The seven ANC presidential hopefuls now have an idea whether they will make it or not as provinces have pronounced on who they preferred.
Eastern Cape, Western Cape and Northern Cape have openly back deputy president Cyril Ramaphosa to succeed Jacob Zuma as ANC president with Gauteng – which was still holding its provincial general council (PGC) at the time of going to print – likely to follow.
It’s a given that KwaZulu-Natal, North West and Free State have Nkosazana Dlamini-Zuma on the top of their lists.
But Mpumalanga has left everybody confused as it banked on unity, which meant they might not choose either of the two leading candidates.
But there was also talk that the province could go for Dlamini-Zuma after she promised provincial chairperson David Mabuza the tempting post of deputy president.
Limpopo is expected to hold its provincial general council tomorrow to consolidate leadership nominations and determine once and for all who reigns supreme between the two main candidates, Dlamini-Zuma and Ramaphosa.
The Limpopo-born Ramaphosa is tipped to take the province, but it won’t be a walk in the park as he is facing a stiff challenge from Dlamini-Zuma.
The province is said to be a neck-and-neck race between the two, but some in Ramaphosa’s camp claim he is leading in terms of nomination by branches.
The branches are supposed to hold sway in deciding the party leadership, but their strength was weakened by infighting and gate-keeping influenced from the top.
As the province gears for the council tomorrow, ANC Youth League Mopani regional secretary Oliver Mabunda is confident Dlamini-Zuma has taken the region, where she enjoyed wider support.
However, Mabunda was not confident how his favourite candidate had fared in regions such as Sekhukhune, Peter Mokaba and Waterberg, which were the same regions that supporters in the province claimed their leader had secured.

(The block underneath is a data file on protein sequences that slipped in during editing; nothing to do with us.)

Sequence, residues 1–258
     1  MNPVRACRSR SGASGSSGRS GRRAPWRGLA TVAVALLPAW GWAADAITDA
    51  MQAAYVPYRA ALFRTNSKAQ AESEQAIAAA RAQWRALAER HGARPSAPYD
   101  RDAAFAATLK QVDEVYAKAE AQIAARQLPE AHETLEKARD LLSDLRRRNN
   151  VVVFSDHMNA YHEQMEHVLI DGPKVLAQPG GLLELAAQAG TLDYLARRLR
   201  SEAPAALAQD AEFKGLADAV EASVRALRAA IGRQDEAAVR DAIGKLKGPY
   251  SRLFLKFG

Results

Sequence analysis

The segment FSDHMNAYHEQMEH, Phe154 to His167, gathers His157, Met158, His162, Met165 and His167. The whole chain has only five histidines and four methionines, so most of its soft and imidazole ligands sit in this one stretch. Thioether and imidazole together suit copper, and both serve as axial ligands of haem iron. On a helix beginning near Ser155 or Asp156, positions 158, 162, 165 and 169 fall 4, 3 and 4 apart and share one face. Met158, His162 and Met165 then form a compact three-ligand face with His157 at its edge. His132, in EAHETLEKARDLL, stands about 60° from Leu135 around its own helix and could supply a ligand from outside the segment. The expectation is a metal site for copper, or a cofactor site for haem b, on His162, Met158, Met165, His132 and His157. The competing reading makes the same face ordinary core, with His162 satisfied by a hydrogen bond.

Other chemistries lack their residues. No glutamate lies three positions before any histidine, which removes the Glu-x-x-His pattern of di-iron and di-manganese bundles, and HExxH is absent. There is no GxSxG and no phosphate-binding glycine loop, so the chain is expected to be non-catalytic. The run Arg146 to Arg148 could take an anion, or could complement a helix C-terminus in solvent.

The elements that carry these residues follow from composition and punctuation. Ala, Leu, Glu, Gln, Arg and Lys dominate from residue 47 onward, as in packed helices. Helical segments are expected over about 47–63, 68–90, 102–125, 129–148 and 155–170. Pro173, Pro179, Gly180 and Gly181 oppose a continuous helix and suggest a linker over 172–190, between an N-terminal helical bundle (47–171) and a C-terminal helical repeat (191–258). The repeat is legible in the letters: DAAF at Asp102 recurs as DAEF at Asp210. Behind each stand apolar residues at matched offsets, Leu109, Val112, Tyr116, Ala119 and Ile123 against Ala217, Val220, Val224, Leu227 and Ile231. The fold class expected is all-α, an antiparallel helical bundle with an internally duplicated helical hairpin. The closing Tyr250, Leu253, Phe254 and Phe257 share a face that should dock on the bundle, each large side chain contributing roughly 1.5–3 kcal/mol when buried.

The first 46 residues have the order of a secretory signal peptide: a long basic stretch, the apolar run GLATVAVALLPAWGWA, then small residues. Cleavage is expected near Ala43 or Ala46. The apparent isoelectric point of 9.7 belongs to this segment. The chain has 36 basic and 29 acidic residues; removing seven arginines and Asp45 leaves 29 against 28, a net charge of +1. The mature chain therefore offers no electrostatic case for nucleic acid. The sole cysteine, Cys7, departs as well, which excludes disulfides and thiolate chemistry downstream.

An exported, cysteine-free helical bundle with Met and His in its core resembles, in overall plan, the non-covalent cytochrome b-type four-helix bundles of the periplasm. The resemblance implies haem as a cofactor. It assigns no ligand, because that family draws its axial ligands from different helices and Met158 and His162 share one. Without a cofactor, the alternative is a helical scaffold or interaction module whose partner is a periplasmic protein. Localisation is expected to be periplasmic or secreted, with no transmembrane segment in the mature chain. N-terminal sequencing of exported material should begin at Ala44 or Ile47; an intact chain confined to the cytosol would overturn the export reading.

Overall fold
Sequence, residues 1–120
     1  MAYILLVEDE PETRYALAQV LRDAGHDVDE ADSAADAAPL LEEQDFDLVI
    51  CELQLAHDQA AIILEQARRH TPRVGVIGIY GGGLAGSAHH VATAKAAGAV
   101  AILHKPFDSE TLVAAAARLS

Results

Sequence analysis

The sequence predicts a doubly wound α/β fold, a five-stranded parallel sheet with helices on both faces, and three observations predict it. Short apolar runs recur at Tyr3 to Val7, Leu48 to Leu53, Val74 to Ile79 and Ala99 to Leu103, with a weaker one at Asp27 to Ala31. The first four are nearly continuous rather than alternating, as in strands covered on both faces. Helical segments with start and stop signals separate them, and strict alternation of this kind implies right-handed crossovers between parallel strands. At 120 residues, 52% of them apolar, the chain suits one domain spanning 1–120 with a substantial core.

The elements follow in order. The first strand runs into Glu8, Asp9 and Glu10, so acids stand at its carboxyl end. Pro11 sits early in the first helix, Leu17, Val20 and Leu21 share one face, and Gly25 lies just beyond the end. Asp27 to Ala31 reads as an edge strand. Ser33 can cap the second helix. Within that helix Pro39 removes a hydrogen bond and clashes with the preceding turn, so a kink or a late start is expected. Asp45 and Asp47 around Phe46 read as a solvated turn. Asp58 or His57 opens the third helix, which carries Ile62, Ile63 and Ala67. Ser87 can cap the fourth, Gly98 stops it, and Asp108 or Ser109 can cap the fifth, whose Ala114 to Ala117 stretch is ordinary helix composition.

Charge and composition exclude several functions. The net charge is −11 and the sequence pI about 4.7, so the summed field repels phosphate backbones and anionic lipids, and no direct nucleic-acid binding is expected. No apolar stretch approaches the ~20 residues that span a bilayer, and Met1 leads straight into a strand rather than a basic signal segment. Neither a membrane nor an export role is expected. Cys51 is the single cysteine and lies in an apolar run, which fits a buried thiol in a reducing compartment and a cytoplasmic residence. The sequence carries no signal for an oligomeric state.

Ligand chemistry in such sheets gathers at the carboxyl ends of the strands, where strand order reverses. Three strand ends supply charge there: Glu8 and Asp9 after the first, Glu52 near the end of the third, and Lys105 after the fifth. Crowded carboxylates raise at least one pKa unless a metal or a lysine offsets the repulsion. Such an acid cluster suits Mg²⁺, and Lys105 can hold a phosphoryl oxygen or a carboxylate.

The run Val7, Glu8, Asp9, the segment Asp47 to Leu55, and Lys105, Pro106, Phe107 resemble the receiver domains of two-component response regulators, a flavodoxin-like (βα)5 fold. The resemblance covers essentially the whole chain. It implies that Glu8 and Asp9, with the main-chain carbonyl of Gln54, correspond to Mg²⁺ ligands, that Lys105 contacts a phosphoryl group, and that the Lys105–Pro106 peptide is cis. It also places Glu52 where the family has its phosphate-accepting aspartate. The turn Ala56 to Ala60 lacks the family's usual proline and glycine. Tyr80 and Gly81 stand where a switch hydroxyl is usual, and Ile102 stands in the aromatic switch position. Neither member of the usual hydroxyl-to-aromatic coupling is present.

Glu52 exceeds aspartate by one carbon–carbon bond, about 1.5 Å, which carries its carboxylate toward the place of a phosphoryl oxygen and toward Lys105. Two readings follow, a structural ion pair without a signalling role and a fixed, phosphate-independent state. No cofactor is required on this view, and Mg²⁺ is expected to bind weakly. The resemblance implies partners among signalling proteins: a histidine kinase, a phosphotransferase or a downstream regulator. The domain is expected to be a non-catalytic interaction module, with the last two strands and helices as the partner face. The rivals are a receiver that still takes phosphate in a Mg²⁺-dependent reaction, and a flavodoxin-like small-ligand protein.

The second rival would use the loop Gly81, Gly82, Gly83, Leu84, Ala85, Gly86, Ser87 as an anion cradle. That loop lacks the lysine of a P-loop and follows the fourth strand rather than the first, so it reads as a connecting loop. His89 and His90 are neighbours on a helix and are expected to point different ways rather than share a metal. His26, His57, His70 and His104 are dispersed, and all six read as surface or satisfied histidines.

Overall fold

Even the Dlamini-Zuma camp members do not dispute Ramaphosa’s political monopoly in Vhembe, his ancestral home.
The PGC’s task is to consolidate branch nominations and decide on the presidential candidate and executives a province preferred, including the deputy president.
But Ramaphosa and Dlamini-Zuma dominated the debate compared to other candidates nationwide.
Interestingly, the Eastern Cape, instead of nominating presidential hopeful Lindiwe Sisulu as Ramaphosa’s deputy, nominated Zweli Mkhize and Mabuza for the position.
Most of the provinces completely ignored Ramaphosa’s choice, Naledi Pandor, as deputy.
As the branches wind up their nominations and ready themselves to adopt their provincial positions about their final candidate at the PGCs, it has become clear that the five other candidates are lagging far behind Dlamini-Zuma and Ramaphosa.
While Free State had pronounced Dlamini-Zuma as its choice, the province was abruptly stopped in their tracks when the Free State High Court in Bloemfontein ordered that the provincial elective conference must not go ahead until the branch general meetings (BGMs) were properly conducted.
The court declared the BGMs held so far unlawful and for them to be rerun.
The court ruling automatically rendered the province’s PGC null and void and their pronouncement of Dlamini-Zuma as their choice and Mabuza as her deputy as invalid because the mandate that the unlawfully organised BGMs gave to the PGC was also invalid. If the BGMs are to rerun, it means positions taken at the previous BGMs no longer applied.
The leadership of longest serving ANC provincial chairperson and premier Ace Magashule was being challenged by his deputy and former confidant, Thabo Manyoni. Besides, the legitimacy of Magashule’s provincial executive committee is under question and a subject of a court dispute by a disgruntled member Lefa S Mifi.
Mifi maintained that the PEC’s term of office had long expired and their continued existence was not only unconstitutional but also that they had no mandate to lead.